Diabetic retinopathy, the most common diabetic eye disease occurs when there is a change in the blood vessels of the retina. It is one of the leading causes of blindness in adults and can be treated successfully if diagnosed early. In some cases, diabetic retinopathy causes the blood vessels to swell and leak fluid. In other cases, new blood vessels grow on the surface of the retina. At first, changes are not always noticeable in diabetic retinopathy but over time can cause vision loss. It usually affects both eyes.
 
There are four stages of diabetic retinopathy:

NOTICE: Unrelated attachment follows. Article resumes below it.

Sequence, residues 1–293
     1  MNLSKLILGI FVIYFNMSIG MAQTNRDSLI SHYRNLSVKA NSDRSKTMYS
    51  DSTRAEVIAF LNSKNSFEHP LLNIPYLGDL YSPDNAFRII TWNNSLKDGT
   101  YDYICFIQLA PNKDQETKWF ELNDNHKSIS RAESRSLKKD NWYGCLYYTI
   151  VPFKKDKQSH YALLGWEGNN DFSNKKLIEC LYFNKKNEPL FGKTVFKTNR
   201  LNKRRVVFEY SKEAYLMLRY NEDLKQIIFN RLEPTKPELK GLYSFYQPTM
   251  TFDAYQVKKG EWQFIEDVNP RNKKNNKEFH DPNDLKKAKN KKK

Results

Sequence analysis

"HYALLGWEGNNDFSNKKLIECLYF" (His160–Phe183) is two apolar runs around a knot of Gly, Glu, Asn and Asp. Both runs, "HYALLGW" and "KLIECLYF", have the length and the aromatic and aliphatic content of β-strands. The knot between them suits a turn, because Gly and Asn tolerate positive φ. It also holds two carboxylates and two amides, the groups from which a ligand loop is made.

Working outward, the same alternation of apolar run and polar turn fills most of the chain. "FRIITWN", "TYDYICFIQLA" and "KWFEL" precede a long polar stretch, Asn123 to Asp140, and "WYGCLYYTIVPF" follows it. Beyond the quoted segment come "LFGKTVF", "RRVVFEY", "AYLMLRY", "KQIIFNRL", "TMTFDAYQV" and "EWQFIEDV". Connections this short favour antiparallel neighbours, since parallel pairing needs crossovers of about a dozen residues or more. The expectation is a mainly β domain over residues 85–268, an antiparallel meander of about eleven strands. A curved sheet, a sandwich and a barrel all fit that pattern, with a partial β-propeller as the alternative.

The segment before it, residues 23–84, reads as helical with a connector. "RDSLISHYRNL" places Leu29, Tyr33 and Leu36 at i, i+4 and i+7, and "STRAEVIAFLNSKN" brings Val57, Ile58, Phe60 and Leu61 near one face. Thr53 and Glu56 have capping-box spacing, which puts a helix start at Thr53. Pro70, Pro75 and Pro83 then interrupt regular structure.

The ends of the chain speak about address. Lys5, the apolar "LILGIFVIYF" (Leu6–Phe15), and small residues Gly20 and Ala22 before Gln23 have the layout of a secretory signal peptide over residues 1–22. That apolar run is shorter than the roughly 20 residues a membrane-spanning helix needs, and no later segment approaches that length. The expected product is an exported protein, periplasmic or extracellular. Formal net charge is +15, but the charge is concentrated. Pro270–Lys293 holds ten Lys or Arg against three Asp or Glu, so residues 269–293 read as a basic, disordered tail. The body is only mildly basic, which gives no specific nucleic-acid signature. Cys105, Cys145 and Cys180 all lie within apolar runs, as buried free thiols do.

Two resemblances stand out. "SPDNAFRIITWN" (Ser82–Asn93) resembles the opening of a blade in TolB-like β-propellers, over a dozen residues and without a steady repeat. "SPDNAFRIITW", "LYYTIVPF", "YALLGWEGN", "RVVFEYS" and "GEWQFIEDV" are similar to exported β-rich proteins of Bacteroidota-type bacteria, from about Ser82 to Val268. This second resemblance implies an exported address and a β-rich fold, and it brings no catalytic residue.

1. Mild non proliferative retinopathy; this is the earliest stage, micro aneurysms occur as there are small areas of swelling in the retina’s tiny blood vessels.
  2. Moderate non proliferative retinopathy; as the disease progresses, some vessels that nourish the retina become blocked.
  3. Severe non proliferative retinopathy; more blood vessels become blocked, depriving areas of the retina with blood supply. As a result, the retina sends a message to the body to grow more blood vessels. 
  4. Proliferative retinopathy; new abnormal blood vessels grow on the retina’s surface, which if they leak blood can cause severe vision loss.
 
 
Learn more about symptoms of diabetic retinopathy

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